RENCI assists state in floodplain remapping

CHAPEL HILL, NC, August 8, 2007 – Residents living in flood-prone coastal areas of North Carolina can rest a little easier knowing that state emergency managers and the Federal Emergency Management Agency (FEMA) will soon have new state-of-the-art storm surge models to help them determine the best flood response to storms .

The Renaissance Computing Institute (RENCI), at the request of the state of North Carolina Floodplain Mapping Program with funding from the Federal Emergency Management Agency (FEMA) , is modernizing the floodplain maps by computing a series of worst-case scenario flood models for coastal North Carolina using Ocracoke, RENCI’s IBM Blue Gene/L supercomputer. Over 500,000 Ocracoke computing hours will be needed to complete the research. Computing of the models began in July and should be completed in November.

“RENCI is currently testing the new high-resolution floodplain models with over 1,000 theoretical storms, trying to capture information about their intensity, speed and direction,” said Ken Galluppi, senior researcher and meteorologist who heads RENCI’s disaster research efforts. “In collaboration with experts from the private sector, the Army Corp of Engineers, the University of North Carolina – Chapel Hill, and the state Floodplain Mapping Program, our team will be able to determine the probability of a storm hitting North Carolina and how much storm surge there could be along the coast.”

A modeling project of this magnitude could have been very costly for the state if private companies were contracted, according to Galluppi, but RENCI was able to incorporate the work into its larger disaster research efforts, which include developing high resolution atmospheric, hydrological and storm surge models.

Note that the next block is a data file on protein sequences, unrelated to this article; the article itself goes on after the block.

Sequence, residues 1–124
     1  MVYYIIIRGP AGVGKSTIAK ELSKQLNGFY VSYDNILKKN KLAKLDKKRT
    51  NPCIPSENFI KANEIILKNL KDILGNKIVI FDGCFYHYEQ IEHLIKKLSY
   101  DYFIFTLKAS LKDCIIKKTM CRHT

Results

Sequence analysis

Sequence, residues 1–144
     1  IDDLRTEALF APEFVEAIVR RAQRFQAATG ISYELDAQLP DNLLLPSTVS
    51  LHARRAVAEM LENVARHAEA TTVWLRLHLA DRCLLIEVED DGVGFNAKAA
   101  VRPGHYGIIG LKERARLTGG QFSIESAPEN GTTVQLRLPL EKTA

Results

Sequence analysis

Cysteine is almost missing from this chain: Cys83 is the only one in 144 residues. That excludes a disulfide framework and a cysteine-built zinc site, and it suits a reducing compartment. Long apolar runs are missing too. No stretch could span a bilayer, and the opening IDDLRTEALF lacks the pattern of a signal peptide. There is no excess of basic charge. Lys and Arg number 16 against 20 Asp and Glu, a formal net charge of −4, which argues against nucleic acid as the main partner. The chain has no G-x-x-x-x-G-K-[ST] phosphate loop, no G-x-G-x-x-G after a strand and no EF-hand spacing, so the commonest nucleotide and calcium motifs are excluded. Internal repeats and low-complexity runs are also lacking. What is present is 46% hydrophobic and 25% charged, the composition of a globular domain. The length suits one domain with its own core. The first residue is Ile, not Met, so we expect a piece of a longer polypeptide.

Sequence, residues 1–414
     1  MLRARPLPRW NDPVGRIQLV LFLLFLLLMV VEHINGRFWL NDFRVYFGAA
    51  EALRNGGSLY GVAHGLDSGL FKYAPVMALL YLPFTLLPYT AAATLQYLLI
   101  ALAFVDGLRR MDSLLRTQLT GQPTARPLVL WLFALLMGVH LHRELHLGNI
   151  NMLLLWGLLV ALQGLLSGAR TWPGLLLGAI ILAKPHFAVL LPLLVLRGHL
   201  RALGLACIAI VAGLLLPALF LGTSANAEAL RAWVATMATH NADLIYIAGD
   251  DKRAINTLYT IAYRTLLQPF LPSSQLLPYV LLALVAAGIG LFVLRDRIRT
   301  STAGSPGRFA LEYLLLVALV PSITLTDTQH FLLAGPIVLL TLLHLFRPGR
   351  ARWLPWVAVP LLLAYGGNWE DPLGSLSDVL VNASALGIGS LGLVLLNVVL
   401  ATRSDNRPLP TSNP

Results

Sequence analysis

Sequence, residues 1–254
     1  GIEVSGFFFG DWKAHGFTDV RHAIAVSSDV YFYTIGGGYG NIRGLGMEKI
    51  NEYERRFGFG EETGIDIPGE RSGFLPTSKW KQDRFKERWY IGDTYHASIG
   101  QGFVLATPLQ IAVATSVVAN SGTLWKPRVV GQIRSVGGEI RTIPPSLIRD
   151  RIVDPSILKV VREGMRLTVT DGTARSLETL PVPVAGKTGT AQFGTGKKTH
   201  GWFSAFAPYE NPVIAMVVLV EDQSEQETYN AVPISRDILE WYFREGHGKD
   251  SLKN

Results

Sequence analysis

The new floodplain models will replace outdated, lower resolution models that do not account for extensive coastal elevation and land use datasets developed over the last seven years.  Better representation of the physical world will also account for the rapid growth over the last 15 years of housing, commercial and tourist developments. The new models will provide federal and state emergency response agencies with a more accurate, reliable and available source of floodplain information. For homeowners, the new models will reveal much information about their year-to-year flood risks, including the likelihood of experiencing a 100-year, or base, flood in any given year. The 100-year flood is a regulatory standard used by federal agencies and most states to administer floodplain management programs. The 100-year flood is also used by the National Flood Insurance Program as the basis for insurance requirements nationwide.

“It is our hope that every county and municipality in North Carolina will adopt the maps resulting from this modeling into their ordinance,” said John Dorman, chief of the Floodplain Mapping Program for the state of North Carolina. “The new floodplain models will provide more meaningful and accurate information, including what a homeowner’s risk is from year to year. It is a great value to the state of North Caroling to utilize RENCI and its resources. RENCI technology will help us educate the public about their flood risks and ensure that North Carolina is safer and better prepared for the next storm surge.”

The floodplain models will be put to use in computing theoretical storms in October. Eventually the resulting maps will aid in developing emergency response plans and in determining where storm surges will take place and who will be at risk. In addition to FEMA workers and state emergency managers, the maps will be used by surveyors, insurance companies, realtors, mortgage companies and municipal and county planning offices. RENCI will also provide the same models to the National Weather Service to help forecast storms and floods in North Carolina.

The public can learn more about the floodplain mapping program at